A Welcome, Disappointing Decision

Pro-Lifers rarely win court cases, so it is very gratifying to win one in the Supreme Court. Unfortunately, even in victory, there is disappointment, and a sense that the constitutional rights of pro-life people have been relegated to second-class status.

The case was McCullen v. Coakley, and it arose out of a terrible Massachusetts law that established a 35-foot buffer zone around abortion clinics. Pro-lifers were prohibited from entering that zone, which effectively banned any attempt to speak to women seeking abortions (“sidewalk counseling”) completely. However — and this is crucial — abortion clinic staff were permitted to be in the zone and speak to the women who were approaching the clinic.

The Supreme Court, by a unanimous decision, found that the law was unconstitutional. However, the Court’s unanimity is actually deceiving — although all nine justices agreed that the law was invalid, the Court was actually split 5 to 4 on the reasoning. And the reasoning of the majority is very troubling.

One of the fundamental principles of the First Amendment guarantee of free speech is that the government cannot pass a law that is based on the content of a person’s speech, and that discriminates against one particular point of view. The principle is called “viewpoint neutrality”.  The majority found that the Massachusetts law did not violate the requirement of neutrality, but still found the law unconstitutional because it burdened speech more than was necessary to fulfill the government’s legitimate objectives.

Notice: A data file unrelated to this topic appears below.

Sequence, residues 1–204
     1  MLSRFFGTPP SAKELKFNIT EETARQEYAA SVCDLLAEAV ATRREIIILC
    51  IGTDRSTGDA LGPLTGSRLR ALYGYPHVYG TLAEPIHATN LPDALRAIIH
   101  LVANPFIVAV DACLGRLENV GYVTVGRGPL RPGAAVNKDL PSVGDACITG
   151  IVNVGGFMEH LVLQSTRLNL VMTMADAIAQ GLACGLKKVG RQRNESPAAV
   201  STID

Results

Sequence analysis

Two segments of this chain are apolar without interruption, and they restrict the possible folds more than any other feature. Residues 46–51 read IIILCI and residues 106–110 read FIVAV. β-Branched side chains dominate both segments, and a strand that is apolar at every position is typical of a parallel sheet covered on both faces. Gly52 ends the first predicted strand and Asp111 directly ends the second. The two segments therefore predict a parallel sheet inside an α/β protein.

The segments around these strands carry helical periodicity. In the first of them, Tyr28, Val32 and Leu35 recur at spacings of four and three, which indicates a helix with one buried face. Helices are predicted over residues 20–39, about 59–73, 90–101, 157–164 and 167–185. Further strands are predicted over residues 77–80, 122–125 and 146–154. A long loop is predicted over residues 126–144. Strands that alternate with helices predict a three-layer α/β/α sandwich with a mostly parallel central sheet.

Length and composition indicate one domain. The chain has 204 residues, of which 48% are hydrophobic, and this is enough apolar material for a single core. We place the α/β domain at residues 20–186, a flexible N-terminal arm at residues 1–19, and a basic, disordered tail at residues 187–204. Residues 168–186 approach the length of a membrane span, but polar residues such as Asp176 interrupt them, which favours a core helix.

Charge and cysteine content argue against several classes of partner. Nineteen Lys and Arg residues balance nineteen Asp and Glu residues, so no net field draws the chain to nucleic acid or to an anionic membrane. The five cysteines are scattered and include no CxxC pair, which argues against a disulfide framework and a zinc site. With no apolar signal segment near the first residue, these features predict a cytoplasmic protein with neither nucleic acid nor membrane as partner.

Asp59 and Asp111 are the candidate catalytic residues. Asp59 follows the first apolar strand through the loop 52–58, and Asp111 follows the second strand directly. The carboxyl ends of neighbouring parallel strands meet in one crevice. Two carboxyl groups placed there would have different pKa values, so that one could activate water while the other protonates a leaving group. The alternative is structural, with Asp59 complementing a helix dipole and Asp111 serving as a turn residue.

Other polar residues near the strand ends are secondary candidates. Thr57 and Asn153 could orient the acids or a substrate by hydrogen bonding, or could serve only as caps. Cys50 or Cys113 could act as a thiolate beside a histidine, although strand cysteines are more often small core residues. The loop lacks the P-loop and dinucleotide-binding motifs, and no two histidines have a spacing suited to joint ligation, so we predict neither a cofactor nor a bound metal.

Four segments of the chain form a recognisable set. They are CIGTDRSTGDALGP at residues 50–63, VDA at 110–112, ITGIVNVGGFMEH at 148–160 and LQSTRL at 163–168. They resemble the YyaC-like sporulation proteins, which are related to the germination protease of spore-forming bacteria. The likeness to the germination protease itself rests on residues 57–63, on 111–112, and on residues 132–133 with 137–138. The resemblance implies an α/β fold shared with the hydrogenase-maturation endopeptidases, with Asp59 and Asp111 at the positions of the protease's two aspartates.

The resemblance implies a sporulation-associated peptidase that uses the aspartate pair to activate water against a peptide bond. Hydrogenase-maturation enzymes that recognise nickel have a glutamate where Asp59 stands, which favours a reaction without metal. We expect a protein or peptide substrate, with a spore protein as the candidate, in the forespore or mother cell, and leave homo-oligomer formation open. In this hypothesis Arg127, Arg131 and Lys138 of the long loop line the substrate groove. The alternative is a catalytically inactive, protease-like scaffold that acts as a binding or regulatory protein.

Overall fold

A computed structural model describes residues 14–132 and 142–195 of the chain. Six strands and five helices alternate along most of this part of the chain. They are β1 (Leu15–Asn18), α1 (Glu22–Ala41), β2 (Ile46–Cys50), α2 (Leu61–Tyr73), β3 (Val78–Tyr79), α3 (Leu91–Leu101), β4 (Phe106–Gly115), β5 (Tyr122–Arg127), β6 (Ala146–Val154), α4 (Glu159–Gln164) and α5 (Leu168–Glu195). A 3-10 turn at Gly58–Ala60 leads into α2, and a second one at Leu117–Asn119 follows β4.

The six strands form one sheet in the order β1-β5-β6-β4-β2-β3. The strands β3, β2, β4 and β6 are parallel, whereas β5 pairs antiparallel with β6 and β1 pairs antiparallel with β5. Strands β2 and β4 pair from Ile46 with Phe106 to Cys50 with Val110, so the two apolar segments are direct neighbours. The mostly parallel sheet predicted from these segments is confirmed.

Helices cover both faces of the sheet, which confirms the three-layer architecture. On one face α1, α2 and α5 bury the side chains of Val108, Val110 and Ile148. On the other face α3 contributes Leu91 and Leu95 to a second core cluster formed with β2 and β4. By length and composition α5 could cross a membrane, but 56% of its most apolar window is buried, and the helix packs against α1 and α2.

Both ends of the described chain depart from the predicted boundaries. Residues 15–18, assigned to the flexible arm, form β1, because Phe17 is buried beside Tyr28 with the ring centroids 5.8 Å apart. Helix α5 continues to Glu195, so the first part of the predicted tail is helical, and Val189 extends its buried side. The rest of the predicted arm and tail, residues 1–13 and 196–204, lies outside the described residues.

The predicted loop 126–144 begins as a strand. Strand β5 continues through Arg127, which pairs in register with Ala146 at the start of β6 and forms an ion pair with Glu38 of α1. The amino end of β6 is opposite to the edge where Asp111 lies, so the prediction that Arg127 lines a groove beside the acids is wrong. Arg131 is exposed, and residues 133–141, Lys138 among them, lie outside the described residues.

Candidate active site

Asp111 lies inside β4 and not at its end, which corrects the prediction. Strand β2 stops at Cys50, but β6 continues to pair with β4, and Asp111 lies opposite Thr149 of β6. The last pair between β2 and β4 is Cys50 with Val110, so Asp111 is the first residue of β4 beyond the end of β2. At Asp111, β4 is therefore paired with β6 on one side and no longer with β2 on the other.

But that reasoning is gravely flawed.  Take it out of the abortion context for a second. Consider the hypothetical case of a law that places a buffer zone around a mine entrance where there is a highly contentious strike taking place. Imagine that the law prohibits striking miners from being in that zone, but allows management employees to be in the zone and speak openly to strike-breaking workers seeking to enter the plant. Can anyone imagine a court upholding such an obviously biased law? Of course not — it would be a clear case of the government taking sides in a strike, and showing favoritism towards one point of view.

The Massachusetts statute is exactly the same, and is clearly not “viewpoint neutral”. It was specifically designed and intended to prosecute and deter only pro-life speakers, while giving pro-abortion speakers free reign to speak and act.

Nevertheless, the majority of the Court, led by the Chief Justice, implausibly concluded that the law was “viewpoint neutral”, because on its face it did not single out pro-life speech. This is absurd — everybody understands very clearly what the goal and effect of this law is.  As Justice Scalia stated in his concurring opinion,

The obvious purpose of the challenged portion of the Massachusetts Reproductive Health Care Facilities Act is to “protect” prospective clients of abortion clinics from having to hear abortion-opposing speech on public streets and sidewalks.